AS I READ THROUGH THIS ISSUE of Insurance Conference Planner — which still needs a good puzzle page, by the way — I was struck by the article on family-friendly incentives. What a great deal this is for kids! It made me jealous because there was nothing like this available when I was a kid. First of all, my father was not in the insurance industry, he was a milkman, and milkmen didn't get to go on a lot of incentive programs. In fact, the only company outing we ever attended was the annual milkman's picnic to which the whole family was invited.

The milkman's picnic was always held on the hottest and most humid day of August at a park that featured mosquitoes the size of your head. Upon arriving at the park, the families immediately split up into their pre-assigned groups. The men all played softball and drank beer, the women gathered in the shade and exchanged Jell-O recipes, and the kids went down to the pond for chigger bites or off to the woods for their annual encounter with poison ivy. Around suppertime, everyone would gather together for a nutritious repast of hot dogs, potato salad that had been sitting in the sun, and milk.

Our family vacation trip came earlier in the summer, and it had its own incentive for us kids: not getting whacked in the back seat of the car as Dad drove to our destination. All vacation trips were taken by car when I was a kid, and the seating arrangement was always the same: Dad drove, mom rode shotgun, and the kids always crammed into the backseat, and that's where the trouble began. First of all, nobody wanted to sit on the hump caused by the drive shaft — and everybody wanted a window seat. I was lucky because I always got carsick so I had my window seat pre-reserved.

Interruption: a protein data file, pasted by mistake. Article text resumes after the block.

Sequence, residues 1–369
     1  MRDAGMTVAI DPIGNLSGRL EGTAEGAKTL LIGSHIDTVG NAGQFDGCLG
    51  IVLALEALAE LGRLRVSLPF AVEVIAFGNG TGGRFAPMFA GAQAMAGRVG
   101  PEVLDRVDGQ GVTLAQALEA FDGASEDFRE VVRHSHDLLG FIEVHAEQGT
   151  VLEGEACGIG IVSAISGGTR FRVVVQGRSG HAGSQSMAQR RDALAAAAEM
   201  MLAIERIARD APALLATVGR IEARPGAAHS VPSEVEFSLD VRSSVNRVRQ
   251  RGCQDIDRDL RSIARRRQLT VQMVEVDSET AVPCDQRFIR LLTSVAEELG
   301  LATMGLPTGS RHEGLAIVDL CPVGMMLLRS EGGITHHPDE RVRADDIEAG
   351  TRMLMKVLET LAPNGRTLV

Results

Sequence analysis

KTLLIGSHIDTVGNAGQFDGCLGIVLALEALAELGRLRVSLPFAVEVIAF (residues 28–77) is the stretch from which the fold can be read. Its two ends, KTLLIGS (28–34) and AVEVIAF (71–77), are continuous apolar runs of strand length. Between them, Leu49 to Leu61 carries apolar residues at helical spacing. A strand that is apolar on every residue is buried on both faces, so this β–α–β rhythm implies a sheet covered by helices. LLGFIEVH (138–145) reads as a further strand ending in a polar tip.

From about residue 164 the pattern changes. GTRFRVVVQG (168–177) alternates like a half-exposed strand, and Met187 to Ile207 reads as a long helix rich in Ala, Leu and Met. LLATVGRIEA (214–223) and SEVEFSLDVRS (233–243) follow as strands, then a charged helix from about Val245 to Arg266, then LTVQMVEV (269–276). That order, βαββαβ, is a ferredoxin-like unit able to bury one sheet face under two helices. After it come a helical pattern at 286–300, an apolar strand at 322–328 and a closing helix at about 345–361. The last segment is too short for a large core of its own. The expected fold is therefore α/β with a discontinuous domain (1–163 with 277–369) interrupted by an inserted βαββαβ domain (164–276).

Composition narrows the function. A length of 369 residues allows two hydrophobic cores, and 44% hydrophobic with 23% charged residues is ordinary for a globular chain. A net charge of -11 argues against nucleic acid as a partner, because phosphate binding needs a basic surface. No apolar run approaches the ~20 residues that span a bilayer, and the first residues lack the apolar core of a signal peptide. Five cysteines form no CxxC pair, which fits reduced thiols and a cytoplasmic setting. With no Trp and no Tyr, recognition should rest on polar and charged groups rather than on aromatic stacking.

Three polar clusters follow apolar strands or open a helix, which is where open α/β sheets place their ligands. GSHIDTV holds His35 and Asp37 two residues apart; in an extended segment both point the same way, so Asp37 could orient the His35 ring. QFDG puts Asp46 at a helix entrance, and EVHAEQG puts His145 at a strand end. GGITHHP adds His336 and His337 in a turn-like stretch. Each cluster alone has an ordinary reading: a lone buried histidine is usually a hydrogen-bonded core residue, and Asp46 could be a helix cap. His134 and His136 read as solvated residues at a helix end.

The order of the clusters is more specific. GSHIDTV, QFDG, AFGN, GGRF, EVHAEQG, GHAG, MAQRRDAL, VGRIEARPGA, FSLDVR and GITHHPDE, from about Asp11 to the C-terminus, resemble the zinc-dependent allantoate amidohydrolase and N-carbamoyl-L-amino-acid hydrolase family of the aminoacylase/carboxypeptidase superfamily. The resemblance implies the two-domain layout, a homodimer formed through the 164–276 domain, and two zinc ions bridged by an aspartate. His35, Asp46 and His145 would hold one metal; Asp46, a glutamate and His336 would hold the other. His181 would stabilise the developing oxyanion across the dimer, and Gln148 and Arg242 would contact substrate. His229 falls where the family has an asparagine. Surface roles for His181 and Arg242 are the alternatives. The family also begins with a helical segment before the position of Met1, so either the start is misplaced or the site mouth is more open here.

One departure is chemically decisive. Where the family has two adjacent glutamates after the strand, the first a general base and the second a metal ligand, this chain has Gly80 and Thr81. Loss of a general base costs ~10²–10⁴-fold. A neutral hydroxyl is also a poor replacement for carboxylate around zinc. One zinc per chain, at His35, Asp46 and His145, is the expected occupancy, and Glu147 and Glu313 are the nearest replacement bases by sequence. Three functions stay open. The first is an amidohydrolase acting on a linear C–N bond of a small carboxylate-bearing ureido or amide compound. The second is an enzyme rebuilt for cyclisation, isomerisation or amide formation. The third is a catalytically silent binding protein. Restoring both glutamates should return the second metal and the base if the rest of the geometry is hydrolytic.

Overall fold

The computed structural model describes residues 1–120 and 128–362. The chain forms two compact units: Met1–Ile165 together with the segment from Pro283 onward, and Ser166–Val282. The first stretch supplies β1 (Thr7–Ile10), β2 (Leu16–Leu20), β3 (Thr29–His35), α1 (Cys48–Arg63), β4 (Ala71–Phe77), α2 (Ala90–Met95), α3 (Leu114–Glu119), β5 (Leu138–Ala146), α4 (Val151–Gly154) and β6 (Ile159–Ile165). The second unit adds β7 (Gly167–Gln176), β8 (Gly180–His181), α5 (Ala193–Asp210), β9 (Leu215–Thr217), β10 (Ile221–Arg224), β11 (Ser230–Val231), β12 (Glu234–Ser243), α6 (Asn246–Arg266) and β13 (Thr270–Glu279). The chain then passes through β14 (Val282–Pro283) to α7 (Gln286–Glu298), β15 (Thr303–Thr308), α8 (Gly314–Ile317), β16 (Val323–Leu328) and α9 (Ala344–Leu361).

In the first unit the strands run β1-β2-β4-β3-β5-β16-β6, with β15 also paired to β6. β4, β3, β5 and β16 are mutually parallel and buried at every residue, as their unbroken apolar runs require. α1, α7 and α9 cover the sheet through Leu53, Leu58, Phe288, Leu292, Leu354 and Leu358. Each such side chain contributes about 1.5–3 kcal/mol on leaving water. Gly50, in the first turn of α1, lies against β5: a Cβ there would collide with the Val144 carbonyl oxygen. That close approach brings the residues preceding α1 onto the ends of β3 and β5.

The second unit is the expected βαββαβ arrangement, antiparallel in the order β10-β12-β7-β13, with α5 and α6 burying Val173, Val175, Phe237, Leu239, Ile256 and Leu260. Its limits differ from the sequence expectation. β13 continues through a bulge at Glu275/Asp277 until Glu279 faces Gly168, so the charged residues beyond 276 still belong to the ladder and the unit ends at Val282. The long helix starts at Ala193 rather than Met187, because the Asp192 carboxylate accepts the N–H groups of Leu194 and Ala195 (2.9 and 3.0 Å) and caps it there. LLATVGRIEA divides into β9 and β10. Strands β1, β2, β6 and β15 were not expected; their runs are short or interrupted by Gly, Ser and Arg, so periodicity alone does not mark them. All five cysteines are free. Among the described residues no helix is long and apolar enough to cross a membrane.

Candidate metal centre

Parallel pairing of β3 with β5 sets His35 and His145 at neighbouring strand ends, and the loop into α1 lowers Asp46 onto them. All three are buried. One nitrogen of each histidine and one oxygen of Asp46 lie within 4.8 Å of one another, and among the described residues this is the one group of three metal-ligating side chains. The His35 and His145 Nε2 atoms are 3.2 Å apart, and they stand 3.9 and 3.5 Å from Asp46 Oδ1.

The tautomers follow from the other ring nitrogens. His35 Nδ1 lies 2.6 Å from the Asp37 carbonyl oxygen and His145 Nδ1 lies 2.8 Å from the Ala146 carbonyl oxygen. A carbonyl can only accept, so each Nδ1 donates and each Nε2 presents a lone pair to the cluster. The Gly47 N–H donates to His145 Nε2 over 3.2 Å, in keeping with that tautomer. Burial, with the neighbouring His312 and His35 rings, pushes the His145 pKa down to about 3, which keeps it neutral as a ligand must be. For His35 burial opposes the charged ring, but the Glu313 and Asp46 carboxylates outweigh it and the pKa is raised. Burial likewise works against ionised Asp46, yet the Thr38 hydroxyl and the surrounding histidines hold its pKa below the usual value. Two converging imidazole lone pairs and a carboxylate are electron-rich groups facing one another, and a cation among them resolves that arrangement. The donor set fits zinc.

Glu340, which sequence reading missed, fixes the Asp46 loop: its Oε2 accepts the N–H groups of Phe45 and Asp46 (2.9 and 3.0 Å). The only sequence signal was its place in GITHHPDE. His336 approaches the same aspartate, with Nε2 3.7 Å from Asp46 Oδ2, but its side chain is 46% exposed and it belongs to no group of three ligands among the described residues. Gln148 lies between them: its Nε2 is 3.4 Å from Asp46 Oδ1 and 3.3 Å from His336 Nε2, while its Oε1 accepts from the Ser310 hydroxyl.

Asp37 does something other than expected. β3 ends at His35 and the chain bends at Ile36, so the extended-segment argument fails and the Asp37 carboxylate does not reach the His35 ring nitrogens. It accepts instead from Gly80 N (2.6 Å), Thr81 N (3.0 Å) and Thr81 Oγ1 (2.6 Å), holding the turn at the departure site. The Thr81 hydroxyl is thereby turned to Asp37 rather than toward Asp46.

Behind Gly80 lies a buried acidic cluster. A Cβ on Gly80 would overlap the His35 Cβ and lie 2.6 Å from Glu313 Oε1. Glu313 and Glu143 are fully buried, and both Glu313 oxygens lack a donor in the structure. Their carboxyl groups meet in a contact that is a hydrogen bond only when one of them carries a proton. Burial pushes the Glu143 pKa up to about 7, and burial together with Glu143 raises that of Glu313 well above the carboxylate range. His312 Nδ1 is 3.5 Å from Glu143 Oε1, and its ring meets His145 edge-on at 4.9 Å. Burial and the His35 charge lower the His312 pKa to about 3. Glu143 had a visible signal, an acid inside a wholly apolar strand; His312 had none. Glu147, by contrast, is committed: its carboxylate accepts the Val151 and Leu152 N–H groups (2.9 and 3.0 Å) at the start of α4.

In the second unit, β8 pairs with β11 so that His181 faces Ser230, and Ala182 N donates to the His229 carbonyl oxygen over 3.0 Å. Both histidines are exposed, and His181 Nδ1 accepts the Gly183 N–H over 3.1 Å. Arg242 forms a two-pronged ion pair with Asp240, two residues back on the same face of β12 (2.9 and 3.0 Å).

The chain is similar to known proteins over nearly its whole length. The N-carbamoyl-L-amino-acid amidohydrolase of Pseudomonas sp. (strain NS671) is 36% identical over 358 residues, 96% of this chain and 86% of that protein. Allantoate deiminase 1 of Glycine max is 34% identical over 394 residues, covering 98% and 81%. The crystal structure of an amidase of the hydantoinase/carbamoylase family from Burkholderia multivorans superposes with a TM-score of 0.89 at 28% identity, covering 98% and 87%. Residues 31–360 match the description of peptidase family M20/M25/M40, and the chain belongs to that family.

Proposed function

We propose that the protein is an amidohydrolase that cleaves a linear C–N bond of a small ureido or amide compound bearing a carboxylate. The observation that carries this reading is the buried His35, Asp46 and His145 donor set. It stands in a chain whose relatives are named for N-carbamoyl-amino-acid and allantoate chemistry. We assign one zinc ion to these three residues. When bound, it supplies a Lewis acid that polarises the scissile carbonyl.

We would leave for our vacation at 4 a.m. so that we could “get on the road and make some time.” I never understood this logic because I figured the roads would still be there at noon, as would the concept of time. If I brought up this reasoning to my dad, I would be greeted by his right hand, which would leave the steering wheel long enough to make a sweeping sortie into the backseat.

Mom's job on the trip was to try and keep us busy with games like “Count The Cows” and “Name That Road Kill” but we spent most of the time asking questions like “Are we there yet?” or “Why couldn't you get a job in the insurance business so we could go on an incentive trip?”

Eventually we would reach our destination, which was either a national park or a distant relative's house. The parks offered more to see but Aunt Gladys' house had cleaner washrooms. After a week or so, we would all pile back into the car and head for home under the cover of darkness when really good time could be made.

With today's incentive travel destinations, kids get pumped up about their parent's success and want to follow their career path. I used to get pumped up with Dramamine and the desire to not be a milkman.

Dale Irvin brings the last laugh to meetings with his unique recap of each day's events. for such organizations as the Million Dollar Round Table, Thrivent Financial, Penn Mutual, and Allstate. For a good time, visit For booking, call Ruth Levine at Speak Inc., (858) 457-9880.